The Return of Glass-Steagall

Mel Urofsky’s new biography of Louis Brandeis is a timely reminder of the Justice’s mantra about “the curse of bigness.”  Following the Panic of 2008, there was much discussion about how to deal with financial institutions that are too big to fail.  One possible solution is simple — make sure that no bank or related entity gets too big in the first place.

This week Congress took the first step down that road by introducing legislation that would restore the p Glass-Steagall Act of 1932.  Glass-Steagall, inter alia, barred commercial banks from owning brokerages. For example, Bank of America could not own Merrill Lynch as it now does if the Act were in force.  Glass-Steagall was repealed in 1999 by a bipartisan coalition and the repeal was signed by President Clinton.

While there were good arguments for this move at the time, that was almost certainly a mistake.  After all, the banking system functioned pretty well from 1932 to 1999.  Within just a few years of Glass-Steagall’s repeal, things went haywire.  Correlation is not causation, of course.  But I am hard-pressed to identify any public benefit that came from repealing the Act.  We know it worked to reduce financial risk after the last great panic (1929).  Why shouldn’t it be brought back now?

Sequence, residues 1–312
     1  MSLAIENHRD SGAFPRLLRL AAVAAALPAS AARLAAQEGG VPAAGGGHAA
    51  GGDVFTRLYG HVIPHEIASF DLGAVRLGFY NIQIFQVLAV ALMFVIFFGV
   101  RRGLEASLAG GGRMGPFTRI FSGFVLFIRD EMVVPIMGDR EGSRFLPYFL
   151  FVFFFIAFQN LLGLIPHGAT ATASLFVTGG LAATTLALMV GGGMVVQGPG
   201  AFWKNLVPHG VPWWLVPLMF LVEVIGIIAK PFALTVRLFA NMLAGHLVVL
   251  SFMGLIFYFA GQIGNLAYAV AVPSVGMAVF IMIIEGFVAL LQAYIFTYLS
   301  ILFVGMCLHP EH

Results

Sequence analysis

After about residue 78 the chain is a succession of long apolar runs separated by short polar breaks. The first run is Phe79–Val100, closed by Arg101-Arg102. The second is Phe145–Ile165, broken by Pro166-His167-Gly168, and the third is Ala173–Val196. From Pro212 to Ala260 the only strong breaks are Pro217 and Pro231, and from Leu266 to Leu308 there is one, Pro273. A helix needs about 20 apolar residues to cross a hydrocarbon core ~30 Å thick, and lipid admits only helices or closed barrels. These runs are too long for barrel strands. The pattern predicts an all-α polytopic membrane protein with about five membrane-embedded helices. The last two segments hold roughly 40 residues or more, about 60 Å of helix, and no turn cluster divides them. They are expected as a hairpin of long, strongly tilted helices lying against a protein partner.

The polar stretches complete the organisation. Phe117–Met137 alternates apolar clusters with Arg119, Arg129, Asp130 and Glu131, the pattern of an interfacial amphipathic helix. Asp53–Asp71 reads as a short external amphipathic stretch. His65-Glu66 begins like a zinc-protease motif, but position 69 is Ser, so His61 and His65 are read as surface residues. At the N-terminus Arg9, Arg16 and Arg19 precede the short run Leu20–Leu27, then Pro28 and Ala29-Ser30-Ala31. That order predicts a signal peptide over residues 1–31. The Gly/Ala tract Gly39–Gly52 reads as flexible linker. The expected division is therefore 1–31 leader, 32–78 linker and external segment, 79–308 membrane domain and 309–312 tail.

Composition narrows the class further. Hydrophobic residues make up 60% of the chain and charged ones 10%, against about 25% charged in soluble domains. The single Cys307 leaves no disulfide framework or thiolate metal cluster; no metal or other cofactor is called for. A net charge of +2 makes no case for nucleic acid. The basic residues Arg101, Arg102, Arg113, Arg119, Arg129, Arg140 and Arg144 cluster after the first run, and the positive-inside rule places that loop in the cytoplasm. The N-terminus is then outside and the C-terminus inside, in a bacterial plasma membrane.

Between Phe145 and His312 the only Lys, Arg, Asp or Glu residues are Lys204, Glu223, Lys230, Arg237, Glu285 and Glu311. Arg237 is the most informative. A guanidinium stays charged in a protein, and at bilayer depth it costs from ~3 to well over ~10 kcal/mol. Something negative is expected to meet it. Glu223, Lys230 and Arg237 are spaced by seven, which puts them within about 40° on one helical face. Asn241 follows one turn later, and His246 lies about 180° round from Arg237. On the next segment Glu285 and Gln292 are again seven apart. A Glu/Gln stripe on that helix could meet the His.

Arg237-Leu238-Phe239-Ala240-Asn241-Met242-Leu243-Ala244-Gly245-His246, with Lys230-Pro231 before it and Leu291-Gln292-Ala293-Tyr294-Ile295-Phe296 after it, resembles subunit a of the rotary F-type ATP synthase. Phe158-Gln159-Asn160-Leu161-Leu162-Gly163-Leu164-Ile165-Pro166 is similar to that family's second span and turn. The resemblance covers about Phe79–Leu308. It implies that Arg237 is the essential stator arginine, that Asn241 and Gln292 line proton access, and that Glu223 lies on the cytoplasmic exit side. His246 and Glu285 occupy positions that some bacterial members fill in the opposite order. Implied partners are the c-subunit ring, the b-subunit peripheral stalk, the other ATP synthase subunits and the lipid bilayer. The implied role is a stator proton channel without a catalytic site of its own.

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1 Response

  1. huh? says:

    How about economies of scale leading to lower prices for financial products?

    What did Glass-Steagall have to do with the failure of Lehman, Bear Stearns, AIG, Fannie, Freddie and hundreds of small banks?

    So things would have been better if JP Morgan wasn’t able to buy Bear? If BofA wasn’t able to buy Merrill?